Home Forums Members Chat What about strength training for runners?

1 voice, 0 replies
Viewing 1 post (of 1 total)
  • Author
    Posts
  • #2741

    Runningversity
    Keymaster
    @charlesr

    Strength training for endurance running, as apposed to sprints, is a complex area. To optimise your endurance running fitness-level, you need to find the magical balance of light-weight and strength.

    Light weight is important because it makes it easier to go faster. If there’s less body mass to keep cool, more energy can be spent on going fast.

    Strength is important because your muscles and supporting tissues need to be able to withstand the rigours of repetitive running.

    However, if you become stronger, you gain weight because muscle grows, so taken to the extreme, it’s harder for a body-builder to become a fast endurance runner. On the other end of the spectrum, if you focus solely on losing weight, you’ll lose the strength needed to support your running properly and end up injured.

    So finding this balance is worth considering.

    There are various methods at your disposal when tackling strength to help your running and you’ll find your ideal mix:

    • Strength for running itself
    • Strength for life

    And then for those, you can choose from:

    • Strength from running
    • Strength from cross-training
    • Strength from weight training

    Strength for running includes training that is directly relevant to running.

    Strength for life includes training that helps you be strong in non-running activities, so you don’t get injured from doing movements not associated with running, like twisting, bending over and sitting down / getting up. This part is often ignored by runners who then get injured picking up a piece of paper* and can’t run! (*it’s normally from picking up something heavy the day before, not the paper incident that pushed it over the edge)

    You get strong from running. You stress the body, allow it to repair and adapt, getting stronger. Hill training and interval sessions put your limbs through a bigger range of motion and more stress than normal, so that you’ll find the normal running easier.

    I used to get all my upper body and general (non-running) strength from cross-training on the mountain bike. Downhill Enduro racing needs muscling the bike around corners, moving around in and out of the saddle, as well as working the heart and lungs, which is all relevant for running. If you want to cross-train, I recommend something that uses upper body as well as legs, for example swimming, MTB, SUP, tennis or gymnastics. More static options like Pilates are great too.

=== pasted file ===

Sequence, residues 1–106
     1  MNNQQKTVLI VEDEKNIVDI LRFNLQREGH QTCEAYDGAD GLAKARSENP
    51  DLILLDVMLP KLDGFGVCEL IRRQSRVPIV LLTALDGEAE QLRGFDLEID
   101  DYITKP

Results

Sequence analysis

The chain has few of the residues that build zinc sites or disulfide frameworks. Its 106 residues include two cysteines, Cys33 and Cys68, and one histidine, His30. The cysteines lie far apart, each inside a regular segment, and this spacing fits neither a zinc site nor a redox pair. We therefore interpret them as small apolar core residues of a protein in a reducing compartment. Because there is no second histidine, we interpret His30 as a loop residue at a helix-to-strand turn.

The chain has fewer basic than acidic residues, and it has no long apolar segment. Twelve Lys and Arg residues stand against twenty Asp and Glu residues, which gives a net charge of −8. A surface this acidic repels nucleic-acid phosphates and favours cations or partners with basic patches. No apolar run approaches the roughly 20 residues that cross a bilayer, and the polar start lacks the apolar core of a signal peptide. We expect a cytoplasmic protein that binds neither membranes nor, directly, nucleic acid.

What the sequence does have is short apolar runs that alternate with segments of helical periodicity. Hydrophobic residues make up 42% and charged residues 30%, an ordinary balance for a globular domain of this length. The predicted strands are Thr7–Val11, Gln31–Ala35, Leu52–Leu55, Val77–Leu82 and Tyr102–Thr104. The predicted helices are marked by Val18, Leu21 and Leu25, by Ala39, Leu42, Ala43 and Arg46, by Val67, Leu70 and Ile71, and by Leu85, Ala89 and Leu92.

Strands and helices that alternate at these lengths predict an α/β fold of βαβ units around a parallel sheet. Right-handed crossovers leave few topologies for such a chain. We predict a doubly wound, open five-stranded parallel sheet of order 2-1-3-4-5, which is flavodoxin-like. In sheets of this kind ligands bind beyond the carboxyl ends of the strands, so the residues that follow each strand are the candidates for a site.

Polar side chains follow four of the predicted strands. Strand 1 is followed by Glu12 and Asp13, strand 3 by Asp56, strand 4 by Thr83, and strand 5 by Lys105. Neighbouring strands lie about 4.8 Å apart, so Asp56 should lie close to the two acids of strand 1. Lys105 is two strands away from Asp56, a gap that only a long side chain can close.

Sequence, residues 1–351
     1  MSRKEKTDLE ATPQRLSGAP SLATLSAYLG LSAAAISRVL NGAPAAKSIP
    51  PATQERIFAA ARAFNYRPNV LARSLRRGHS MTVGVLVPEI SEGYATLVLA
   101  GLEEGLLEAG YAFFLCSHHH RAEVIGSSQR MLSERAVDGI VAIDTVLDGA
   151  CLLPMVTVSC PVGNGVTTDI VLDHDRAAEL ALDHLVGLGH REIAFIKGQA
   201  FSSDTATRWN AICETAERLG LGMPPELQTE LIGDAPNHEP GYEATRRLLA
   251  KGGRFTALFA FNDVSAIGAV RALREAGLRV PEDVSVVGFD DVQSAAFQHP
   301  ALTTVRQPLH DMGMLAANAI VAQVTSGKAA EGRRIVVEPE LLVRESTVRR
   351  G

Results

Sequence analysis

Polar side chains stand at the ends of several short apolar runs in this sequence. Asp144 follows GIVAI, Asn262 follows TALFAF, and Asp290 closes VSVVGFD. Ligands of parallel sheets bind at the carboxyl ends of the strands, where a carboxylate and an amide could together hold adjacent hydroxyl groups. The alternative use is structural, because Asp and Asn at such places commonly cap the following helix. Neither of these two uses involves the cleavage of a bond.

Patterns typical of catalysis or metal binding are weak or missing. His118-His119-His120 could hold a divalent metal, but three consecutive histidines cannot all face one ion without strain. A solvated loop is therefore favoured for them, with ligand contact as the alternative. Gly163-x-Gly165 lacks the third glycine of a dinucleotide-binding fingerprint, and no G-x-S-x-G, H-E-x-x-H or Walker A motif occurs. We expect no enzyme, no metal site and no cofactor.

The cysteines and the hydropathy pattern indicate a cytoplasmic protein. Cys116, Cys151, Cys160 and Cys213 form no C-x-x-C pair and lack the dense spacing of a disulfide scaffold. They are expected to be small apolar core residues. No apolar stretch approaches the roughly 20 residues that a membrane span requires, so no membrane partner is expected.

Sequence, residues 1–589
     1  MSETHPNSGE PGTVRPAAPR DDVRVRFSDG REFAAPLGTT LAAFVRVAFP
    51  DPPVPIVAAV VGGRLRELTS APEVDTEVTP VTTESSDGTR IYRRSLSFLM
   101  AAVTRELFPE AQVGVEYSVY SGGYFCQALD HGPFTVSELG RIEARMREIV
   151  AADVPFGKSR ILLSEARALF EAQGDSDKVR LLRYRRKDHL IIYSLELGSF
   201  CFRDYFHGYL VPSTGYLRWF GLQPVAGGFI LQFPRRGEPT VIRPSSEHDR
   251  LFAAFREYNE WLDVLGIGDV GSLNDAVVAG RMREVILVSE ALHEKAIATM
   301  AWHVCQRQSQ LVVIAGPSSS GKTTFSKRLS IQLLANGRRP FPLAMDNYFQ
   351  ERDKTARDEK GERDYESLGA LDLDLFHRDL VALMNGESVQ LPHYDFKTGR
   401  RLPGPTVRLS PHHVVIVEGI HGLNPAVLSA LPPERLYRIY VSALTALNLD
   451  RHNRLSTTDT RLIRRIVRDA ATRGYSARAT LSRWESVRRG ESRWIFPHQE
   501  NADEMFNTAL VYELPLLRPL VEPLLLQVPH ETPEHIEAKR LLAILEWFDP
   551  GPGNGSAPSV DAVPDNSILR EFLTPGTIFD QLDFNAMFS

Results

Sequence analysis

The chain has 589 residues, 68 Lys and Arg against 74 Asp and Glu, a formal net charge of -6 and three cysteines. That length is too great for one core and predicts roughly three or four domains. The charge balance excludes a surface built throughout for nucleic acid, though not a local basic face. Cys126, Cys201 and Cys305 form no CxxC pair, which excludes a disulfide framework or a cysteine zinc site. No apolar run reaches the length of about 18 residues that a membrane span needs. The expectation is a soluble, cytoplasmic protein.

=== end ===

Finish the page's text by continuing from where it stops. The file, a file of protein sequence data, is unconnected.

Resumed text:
The other way to get strong is via weight-training. For endurance runners, I think the way to go is with low weight / body-weight, high reps, rather than busting out high weights at the edge of possibility. Whatever way you go though, much like fast interval sessions, practising correct form is more important than maxing out on the effort. Elite Kenyans use body-weight exercises like step ups or they might use small dumbbells.

    I’m also a fan of movement rather than just focusing on one muscle, so if you can twist while doing something, and use stabilising muscles, it prepares you better for when you do something unusual while running, like tripping on a kerb or putting a foot down a rabbit hole. After incidents like these, runners talk about how the fall grazed the skin or bruised, but the sudden lurch to save themselves put their back out.

    When following a strength plan, remember that just like your running plan, it needs to be adjusted to your ability. If it says Pressups X10 rest, repeat 3 times, but if your current limit is 2 Pressups, then start with Pressups X1 rest R3 and after doing that three times in a week, you might be able to go to X2 rest R3!

     

    Here are some of my favourites:

    • Pressups, or T-Pressups to add a movement twist
    • Plank, elbows or full arms with a shoulder tap to add movement
    • Belgian split squat (one leg in front, one on a chair behind you almost like a lunge) – this is tough. Low reps to start with)
    • Burpees to running stance landing (one leg in front of the other)
    • Step ups
    • Step downs (if you don’t do both, you will struggle on downhills)
    • Split stance bend and reach (on one leg, pivoting at the waist, as if picking up something in front of you)
    • Eccentric Heel Drop (Google these – all runners should do these regularly)
    • 1 leg balance eyes shut – wobbling about is fine (beneficial!) as long as you don’t put the other foot down! How long can you manage?

    I hope you don’t need me to tell you this, but warm up before starting any strength session!

Viewing 1 post (of 1 total)
  • You must be logged in to reply to this topic.